be careful, they are itchy stuff, use long gloves.
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Postby qguy » Wed Jul 14, 2004 2:25 pm

thanks...I try foam first since I have a pair of foam that is about 5 feet high and 3 feet wide...
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Postby jadis » Wed Jul 14, 2004 2:32 pm

qguy,

I had tried foam and it has very minimal absorpsion value. Unless it is moulded like
the Sonex Wedge type to diffuse. As flat entity, it has little value.
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Postby highlander » Wed Jul 14, 2004 2:38 pm

Jadis,
I'm interested on the tube traps. Can you share the plans?
How about the slats on the walls, any specific dimensions?
I will be moving to a new place where the walls will be concrete
so I need to treat the room.

Thanks
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Postby jadis » Wed Jul 14, 2004 2:55 pm

highlander,

There was an issue of Stereophile that talks about it's make and size. It's too long
for me to remember the details. My slats are like 2 x 3 inches and they are like 5 to six
inches apart.
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Postby highlander » Wed Jul 14, 2004 4:16 pm

Are your traps similar to these?

http://www.teresaudio.com/haven/traps/traps.html
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Postby jadis » Wed Jul 14, 2004 4:21 pm

highlander,

Yes. You got it. A great resource for all. Fiberglass is the yellowish material. And
that is the same material used in RoomTunes and BassTunes.
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Postby highlander » Wed Jul 14, 2004 4:24 pm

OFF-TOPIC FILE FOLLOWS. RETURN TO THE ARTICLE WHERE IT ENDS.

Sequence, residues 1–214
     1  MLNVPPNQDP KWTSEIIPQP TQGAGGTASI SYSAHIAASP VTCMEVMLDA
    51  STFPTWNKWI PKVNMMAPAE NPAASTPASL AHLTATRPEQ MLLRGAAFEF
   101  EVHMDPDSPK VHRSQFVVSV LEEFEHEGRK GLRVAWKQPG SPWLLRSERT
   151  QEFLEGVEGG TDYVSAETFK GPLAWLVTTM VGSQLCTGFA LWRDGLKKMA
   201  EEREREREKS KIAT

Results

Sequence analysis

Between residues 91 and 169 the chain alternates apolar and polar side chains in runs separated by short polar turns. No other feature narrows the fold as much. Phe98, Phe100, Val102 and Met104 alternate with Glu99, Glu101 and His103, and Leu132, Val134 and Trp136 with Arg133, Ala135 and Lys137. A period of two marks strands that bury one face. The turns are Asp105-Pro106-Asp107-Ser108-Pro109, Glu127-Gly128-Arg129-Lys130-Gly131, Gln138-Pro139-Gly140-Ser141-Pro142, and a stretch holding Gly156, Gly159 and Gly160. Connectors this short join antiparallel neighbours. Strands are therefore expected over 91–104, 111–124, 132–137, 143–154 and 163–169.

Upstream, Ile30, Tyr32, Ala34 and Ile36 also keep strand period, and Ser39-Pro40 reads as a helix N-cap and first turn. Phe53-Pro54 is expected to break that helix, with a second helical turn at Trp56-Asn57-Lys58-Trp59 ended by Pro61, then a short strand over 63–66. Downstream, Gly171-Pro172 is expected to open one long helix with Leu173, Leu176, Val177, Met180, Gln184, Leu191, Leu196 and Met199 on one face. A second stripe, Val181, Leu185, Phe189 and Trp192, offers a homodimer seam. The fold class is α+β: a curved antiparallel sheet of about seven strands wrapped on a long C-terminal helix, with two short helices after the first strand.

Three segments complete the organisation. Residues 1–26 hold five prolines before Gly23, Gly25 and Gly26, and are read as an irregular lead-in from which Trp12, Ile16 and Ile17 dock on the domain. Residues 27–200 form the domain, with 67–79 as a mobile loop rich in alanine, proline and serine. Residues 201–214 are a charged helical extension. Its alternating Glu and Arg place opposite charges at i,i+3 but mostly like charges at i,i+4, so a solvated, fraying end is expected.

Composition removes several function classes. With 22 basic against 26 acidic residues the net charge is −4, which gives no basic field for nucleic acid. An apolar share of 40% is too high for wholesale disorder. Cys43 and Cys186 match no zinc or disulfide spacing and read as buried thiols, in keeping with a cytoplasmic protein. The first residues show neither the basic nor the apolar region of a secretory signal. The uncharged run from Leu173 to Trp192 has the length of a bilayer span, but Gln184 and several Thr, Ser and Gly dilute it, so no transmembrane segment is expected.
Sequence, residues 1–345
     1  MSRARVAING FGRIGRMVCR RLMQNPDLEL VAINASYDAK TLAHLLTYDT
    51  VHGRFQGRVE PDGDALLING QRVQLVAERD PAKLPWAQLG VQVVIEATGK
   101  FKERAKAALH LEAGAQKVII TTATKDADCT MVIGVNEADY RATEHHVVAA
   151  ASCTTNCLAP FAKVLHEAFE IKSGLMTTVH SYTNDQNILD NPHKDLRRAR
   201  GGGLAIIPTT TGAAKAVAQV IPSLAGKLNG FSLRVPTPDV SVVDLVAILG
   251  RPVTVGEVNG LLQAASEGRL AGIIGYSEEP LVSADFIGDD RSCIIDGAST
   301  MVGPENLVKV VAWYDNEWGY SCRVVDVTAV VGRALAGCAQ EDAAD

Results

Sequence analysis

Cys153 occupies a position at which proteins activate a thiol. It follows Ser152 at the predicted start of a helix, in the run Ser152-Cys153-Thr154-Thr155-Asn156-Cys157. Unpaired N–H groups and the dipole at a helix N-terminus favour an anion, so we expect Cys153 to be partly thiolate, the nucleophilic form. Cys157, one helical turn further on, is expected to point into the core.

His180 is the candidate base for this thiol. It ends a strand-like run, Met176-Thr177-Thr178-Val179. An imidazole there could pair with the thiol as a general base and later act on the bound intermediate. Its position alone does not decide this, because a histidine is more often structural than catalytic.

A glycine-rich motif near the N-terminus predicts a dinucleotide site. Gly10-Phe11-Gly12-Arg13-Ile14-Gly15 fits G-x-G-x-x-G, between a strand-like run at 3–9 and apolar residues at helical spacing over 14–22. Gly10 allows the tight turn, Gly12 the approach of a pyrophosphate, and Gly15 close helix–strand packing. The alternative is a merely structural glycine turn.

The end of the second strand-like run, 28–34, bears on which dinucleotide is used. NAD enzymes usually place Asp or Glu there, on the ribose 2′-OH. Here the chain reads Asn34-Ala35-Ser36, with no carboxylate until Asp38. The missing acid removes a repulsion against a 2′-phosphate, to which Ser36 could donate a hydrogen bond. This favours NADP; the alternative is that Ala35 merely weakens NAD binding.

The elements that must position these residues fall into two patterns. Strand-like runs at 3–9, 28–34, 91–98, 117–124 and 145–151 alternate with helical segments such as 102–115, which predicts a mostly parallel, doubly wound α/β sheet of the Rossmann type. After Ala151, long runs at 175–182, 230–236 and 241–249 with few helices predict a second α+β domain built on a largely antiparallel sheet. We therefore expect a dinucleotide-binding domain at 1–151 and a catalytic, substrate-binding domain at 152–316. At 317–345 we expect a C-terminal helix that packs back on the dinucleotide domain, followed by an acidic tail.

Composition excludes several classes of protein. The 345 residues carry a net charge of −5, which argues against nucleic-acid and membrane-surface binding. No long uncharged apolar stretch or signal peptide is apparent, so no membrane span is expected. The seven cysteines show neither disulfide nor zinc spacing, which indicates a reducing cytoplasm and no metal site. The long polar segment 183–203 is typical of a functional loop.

Are your traps similar to these?

http://www.teresaudio.com/haven/traps/traps.html
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Postby jadis » Wed Jul 14, 2004 4:31 pm

highlander wrote:Are your traps similar to these?

http://www.teresaudio.com/haven/traps/traps.html



double post? :)

Yes, that is it.
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Postby highlander » Wed Jul 14, 2004 4:32 pm

Sorry, double posted....
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Postby highlander » Wed Jul 14, 2004 4:37 pm

The article only mentioned about the diameter of the tube relating to frequency. How about the length - is it also critical?
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Postby jadis » Wed Jul 14, 2004 5:02 pm

highlander,


imo, it should be taller than your speakers. the originals maybe like 6 feet tall
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Scientific Acoustic Design

Postby noctilux » Wed Jul 14, 2004 7:24 pm

The first line of defense in a good sounding room is having the right dimensions. The following is the basic ratios used formulated by designers to end up with the right dimensions (HxWxL):

Sepmeyer:
1x1.14x1.39
1x1.28x1.54
1x1.60x2.33
Louden:
1x1.4x1.9
1x1.3x1.9
1x1.5x2.5
Volkman
1x1.5x2.5
Boner
1x1.26x1.59